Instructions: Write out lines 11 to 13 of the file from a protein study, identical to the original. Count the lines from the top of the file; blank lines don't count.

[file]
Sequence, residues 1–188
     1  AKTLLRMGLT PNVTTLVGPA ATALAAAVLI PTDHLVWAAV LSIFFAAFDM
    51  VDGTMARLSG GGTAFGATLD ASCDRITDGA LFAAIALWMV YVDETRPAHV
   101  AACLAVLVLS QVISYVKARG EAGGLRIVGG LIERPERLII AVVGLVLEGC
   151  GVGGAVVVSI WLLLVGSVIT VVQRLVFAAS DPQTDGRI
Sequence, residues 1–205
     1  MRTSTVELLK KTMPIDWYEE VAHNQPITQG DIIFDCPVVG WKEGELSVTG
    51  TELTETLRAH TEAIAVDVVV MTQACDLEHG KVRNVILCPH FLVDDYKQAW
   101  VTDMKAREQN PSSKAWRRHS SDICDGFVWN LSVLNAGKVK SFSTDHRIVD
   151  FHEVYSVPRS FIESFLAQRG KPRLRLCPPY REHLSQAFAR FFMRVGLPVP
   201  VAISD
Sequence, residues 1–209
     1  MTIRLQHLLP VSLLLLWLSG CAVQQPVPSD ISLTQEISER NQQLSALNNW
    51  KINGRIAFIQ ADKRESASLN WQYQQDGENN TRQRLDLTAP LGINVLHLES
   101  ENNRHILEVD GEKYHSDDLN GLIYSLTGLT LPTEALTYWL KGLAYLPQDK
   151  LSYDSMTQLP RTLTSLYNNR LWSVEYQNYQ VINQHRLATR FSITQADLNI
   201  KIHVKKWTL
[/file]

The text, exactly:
   201  VAISD
Sequence, residues 1–209
     1  MTIRLQHLLP VSLLLLWLSG CAVQQPVPSD ISLTQEISER NQQLSALNNW